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Selected low-flow frequency statistics for continuous-record streamgages in Georgia, 2013

April 13, 2016

This report presents the annual and monthly minimum 1- and 7-day average streamflows with the 10-year recurrence interval (1Q10 and 7Q10) for 197 continuous-record streamgages in Georgia. Streamgages used in the study included active and discontinued stations having a minimum of 10 complete climatic years of record as of September 30, 2013. The 1Q10 and 7Q10 flow statistics were computed for 85 streamgages on unregulated streams with minimal diversions upstream, 43 streamgages on regulated streams, and 69 streamgages known, or considered, to be affected by varying degrees of diversions upstream. Descriptive information for each of these streamgages, including the U.S. Geological Survey (USGS) station number, station name, latitude, longitude, county, drainage area, and period of record analyzed also is presented.

Kendall’s tau nonparametric test was used to determine the statistical significance of trends in annual and monthly minimum 1-day and 7-day average flows for the 197 streamgages. Significant negative trends in the minimum annual 1-day and 7-day average streamflow were indicated for 77 of the 197 streamgages. Many of these significant negative trends are due to the period of record ending during one of the recent droughts in Georgia, particularly those streamgages with record through the 2013 water year. Long-term unregulated streamgages with 70 or more years of record indicate significant negative trends in the annual minimum 7-day average flow for central and southern Georgia. Watersheds for some of these streamgages have experienced minimal human impact, thus indicating that the significant negative trends observed in flows at the long-term streamgages may be influenced by changing climatological conditions. A Kendall-tau trend analysis of the annual air temperature and precipitation totals for Georgia indicated no significant trends. A comprehensive analysis of causes of the trends in annual and monthly minimum 1-day and 7-day average flows in central and southern Georgia is outside the scope of this study. Further study is needed to determine some of the causes, including both climatological and human impacts, of the significant negative trends in annual minimum 1-day and 7-day average flows in central and southern Georgia.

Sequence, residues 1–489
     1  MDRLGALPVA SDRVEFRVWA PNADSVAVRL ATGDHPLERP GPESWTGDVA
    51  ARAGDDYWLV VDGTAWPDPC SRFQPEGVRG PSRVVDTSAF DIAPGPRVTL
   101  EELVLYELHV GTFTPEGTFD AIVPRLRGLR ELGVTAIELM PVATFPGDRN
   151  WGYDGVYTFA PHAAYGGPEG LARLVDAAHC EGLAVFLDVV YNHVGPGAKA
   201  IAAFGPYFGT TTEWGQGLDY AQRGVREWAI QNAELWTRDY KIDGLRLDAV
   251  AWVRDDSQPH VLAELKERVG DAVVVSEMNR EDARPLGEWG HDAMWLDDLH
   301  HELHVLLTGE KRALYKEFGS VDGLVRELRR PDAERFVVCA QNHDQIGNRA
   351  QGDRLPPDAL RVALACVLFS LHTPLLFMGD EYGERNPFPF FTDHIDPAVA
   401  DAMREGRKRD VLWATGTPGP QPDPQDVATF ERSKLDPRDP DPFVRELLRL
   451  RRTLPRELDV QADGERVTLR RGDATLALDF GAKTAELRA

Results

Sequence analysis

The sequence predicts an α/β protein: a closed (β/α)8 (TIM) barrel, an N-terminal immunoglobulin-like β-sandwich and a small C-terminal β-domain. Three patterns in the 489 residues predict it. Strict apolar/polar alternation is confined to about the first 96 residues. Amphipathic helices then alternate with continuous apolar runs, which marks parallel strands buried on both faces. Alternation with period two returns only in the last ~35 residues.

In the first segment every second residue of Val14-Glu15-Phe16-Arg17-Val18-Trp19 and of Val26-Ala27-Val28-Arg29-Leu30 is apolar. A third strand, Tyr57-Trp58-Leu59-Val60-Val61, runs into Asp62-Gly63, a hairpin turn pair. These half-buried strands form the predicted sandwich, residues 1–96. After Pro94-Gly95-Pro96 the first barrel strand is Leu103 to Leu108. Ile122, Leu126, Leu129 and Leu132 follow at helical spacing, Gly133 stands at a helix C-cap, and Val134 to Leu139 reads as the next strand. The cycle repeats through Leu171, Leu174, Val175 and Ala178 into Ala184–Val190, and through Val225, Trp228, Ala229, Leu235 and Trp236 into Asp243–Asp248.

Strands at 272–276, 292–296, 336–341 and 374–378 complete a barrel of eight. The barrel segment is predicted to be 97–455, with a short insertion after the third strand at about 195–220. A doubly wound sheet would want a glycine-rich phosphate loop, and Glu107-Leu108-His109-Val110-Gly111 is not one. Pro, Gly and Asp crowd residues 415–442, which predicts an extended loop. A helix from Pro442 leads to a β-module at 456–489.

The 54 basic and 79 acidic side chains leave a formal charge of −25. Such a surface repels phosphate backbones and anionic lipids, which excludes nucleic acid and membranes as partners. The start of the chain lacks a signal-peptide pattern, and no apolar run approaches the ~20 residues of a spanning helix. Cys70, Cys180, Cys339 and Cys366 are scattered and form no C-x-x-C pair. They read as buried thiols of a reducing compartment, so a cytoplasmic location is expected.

To assess the changes in the annual 1Q10 and 7Q10 statistics over time for long-term continuous streamgages with significant trends in record, the annual 1Q10 and 7Q10 statistics were computed on a decadal accumulated basis for 39 streamgages having 40 or more years of record that indicated a significant trend. Records from most of the streamgages showed a decline in 7Q10 statistics for the decades of 1980–89, 1990–99, and 2000–09 because of the recent droughts in Georgia. Twenty four of the 39 streamgages had complete records from 1980 to 2010, and records from 23 of these gages exhibited a decline in the 7Q10 statistics during this period, ranging from –6.3 to –76.2 percent with a mean of –27.3 percent. No attempts were made during this study to adjust streamflow records or statistical analyses on the basis of trends.

The monthly and annual 1Q10 and 7Q10 flow statistics for the entire period of record analyzed in the study are incorporated into the USGS StreamStatsDB, which is a database accessible to users through the recently released USGS StreamStats application for Georgia. StreamStats is a Web-based geographic information system that provides users with access to an assortment of analytical tools that are useful for water-resources planning and management, and for engineering design applications, such as the design of bridges. StreamStats allows users to easily obtain streamflow statistics, basin characteristics, and other information for user-selected streamgages.